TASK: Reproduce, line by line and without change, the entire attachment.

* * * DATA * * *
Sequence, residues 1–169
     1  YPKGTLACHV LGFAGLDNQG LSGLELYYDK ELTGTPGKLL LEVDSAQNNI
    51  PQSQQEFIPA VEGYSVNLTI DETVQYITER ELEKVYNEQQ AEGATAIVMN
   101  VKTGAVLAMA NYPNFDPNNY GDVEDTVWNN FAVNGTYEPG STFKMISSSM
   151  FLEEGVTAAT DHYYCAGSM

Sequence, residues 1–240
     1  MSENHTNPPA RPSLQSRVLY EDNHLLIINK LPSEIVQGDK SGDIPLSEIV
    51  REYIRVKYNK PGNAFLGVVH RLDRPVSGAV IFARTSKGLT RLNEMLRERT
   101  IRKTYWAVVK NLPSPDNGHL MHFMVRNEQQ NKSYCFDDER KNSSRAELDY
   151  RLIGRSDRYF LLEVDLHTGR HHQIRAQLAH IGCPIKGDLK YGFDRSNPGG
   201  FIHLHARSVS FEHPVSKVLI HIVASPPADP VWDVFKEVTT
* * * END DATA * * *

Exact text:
Sequence, residues 1–169
     1  YPKGTLACHV LGFAGLDNQG LSGLELYYDK ELTGTPGKLL LEVDSAQNNI
    51  PQSQQEFIPA VEGYSVNLTI DETVQYITER ELEKVYNEQQ AEGATAIVMN
   101  VKTGAVLAMA NYPNFDPNNY GDVEDTVWNN FAVNGTYEPG STFKMISSSM
   151  FLEEGVTAAT DHYYCAGSM

Sequence, residues 1–240
     1  MSENHTNPPA RPSLQSRVLY EDNHLLIINK LPSEIVQGDK SGDIPLSEIV
    51  REYIRVKYNK PGNAFLGVVH RLDRPVSGAV IFARTSKGLT RLNEMLRERT
   101  IRKTYWAVVK NLPSPDNGHL MHFMVRNEQQ NKSYCFDDER KNSSRAELDY
   151  RLIGRSDRYF LLEVDLHTGR HHQIRAQLAH IGCPIKGDLK YGFDRSNPGG
   201  FIHLHARSVS FEHPVSKVLI HIVASPPADP VWDVFKEVTT